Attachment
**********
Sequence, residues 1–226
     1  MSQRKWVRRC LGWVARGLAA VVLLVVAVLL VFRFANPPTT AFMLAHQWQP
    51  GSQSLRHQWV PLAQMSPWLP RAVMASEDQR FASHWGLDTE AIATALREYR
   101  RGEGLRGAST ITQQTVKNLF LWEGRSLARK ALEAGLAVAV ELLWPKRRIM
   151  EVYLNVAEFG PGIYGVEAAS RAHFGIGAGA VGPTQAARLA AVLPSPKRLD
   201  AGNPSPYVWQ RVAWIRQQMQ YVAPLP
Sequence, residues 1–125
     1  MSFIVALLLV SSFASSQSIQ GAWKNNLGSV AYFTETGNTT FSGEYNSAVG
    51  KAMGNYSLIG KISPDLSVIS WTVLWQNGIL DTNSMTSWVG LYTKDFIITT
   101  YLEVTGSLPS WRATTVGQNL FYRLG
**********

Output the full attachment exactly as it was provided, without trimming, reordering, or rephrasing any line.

Sequence, residues 1–226
     1  MSQRKWVRRC LGWVARGLAA VVLLVVAVLL VFRFANPPTT AFMLAHQWQP
    51  GSQSLRHQWV PLAQMSPWLP RAVMASEDQR FASHWGLDTE AIATALREYR
   101  RGEGLRGAST ITQQTVKNLF LWEGRSLARK ALEAGLAVAV ELLWPKRRIM
   151  EVYLNVAEFG PGIYGVEAAS RAHFGIGAGA VGPTQAARLA AVLPSPKRLD
   201  AGNPSPYVWQ RVAWIRQQMQ YVAPLP
Sequence, residues 1–125
     1  MSFIVALLLV SSFASSQSIQ GAWKNNLGSV AYFTETGNTT FSGEYNSAVG
    51  KAMGNYSLIG KISPDLSVIS WTVLWQNGIL DTNSMTSWVG LYTKDFIITT
   101  YLEVTGSLPS WRATTVGQNL FYRLG